William Estrada grew up in California, Mexico, and Chicago. His teaching and art making practice focus on addressing inequity, migration, historical passivity and cultural recognition in historically marginalized communities. He documents and engages experiences in public spaces to transform, question, and make connections to established and organic systems through discussion, creation, and amplification of stories through creativity already present. He is currently a faculty member at the UIC School of Art and Art History and a Teaching Artist at Telpochcalli Elementary School. He has worked as an educator with Chicago Arts Partnership in Education, Hyde Park Art Center, SkyArt, Marwen Foundation, Urban Gateways, DePaul University’s College Connect Program, Graffiti Institute, Vermont College of Art and Design, Prison + Neighborhood Art Project, and the School of The Art Institute of Chicago.
William’s art and teaching are a collaborative discourse of existing images, text, and politics that appoints the audience to critically re-examine public and private spaces. As a teacher, artist, and cultural worker he reports, records, reveals, and amplifies experiences you find in academic books, school halls, teacher lounges, kitchen tables, barrios, college campuses, and in the conversations of close friends to engage in radical imagination. William is currently engaging in collaborative work with the Mobilize Creative Collaborative, Chicago ACT Collective, and Justseeds Artists’ Cooperative.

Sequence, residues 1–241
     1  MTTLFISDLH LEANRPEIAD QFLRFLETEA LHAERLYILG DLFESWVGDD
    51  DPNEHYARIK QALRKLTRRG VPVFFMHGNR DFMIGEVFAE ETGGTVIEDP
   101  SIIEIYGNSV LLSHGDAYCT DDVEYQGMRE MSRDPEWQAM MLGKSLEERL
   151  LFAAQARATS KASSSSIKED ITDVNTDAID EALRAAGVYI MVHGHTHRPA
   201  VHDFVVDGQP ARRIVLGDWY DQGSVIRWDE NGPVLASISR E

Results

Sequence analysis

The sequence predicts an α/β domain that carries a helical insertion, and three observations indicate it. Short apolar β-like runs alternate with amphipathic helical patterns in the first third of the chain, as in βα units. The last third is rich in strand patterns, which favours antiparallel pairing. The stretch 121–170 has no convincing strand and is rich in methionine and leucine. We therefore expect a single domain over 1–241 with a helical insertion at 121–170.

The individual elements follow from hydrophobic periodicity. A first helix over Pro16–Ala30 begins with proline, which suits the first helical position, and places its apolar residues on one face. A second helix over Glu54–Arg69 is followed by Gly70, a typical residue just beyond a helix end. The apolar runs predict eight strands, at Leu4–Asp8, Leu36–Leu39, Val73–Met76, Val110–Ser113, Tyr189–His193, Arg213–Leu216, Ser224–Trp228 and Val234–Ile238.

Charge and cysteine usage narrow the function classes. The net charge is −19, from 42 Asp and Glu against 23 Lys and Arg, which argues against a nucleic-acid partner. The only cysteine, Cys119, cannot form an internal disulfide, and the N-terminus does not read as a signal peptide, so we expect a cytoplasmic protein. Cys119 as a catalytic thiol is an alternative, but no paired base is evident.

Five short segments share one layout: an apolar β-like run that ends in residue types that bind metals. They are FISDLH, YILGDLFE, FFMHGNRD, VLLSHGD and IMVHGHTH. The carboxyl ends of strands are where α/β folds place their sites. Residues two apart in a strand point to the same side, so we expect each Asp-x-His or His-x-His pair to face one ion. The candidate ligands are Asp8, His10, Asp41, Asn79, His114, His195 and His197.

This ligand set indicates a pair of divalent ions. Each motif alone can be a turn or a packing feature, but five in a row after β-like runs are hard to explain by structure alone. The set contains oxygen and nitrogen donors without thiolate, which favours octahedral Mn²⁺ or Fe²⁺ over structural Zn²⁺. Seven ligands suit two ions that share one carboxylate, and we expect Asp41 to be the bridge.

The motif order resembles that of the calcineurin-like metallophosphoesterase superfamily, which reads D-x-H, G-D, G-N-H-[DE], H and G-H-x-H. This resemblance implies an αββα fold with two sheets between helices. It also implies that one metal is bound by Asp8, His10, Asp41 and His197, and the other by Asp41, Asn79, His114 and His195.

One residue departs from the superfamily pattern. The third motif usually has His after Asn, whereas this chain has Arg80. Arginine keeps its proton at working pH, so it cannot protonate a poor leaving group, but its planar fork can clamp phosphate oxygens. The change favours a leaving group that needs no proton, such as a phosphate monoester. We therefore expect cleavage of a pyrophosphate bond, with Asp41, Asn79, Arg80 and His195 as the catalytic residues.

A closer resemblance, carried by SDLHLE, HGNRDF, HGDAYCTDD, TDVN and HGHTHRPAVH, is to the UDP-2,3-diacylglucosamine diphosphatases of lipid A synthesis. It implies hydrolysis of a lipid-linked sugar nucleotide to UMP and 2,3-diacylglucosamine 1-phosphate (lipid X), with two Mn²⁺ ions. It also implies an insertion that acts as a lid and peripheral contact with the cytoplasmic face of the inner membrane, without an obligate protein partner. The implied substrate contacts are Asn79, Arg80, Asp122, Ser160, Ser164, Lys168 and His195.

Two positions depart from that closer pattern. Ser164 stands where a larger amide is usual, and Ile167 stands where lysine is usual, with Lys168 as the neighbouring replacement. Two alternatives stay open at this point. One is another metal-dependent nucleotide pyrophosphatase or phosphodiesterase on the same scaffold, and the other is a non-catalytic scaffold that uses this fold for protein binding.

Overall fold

William has presented in various panels regarding community programming, arts integration, and social justice curricula through the Illinois Art Education Association, the School of the Art Institute of Chicago, Illinois Humanities Council, Smart Museum of Art, the National Guild of Schools in the Arts, National Art Education Association, Teachers for Social Justice San Francisco, Iowa University, Grand View University, Illinois State University, University of Nebraska at Kearney, Nebraska Art Teachers Association, Illinois Arts Alliance, Chicago Cultural Alliance, Gallery 400, and Utah State University. In 2016 he was awarded the Teaching Artist Community Award from 3Arts Chicago and in 2021 was awarded the National Leadership Award from the National Guild for Community Arts Education.
His current research is focused on developing community based and culturally relevant projects that center power structures of race, economy, and cultural access in contested spaces to collectively imagine just futures.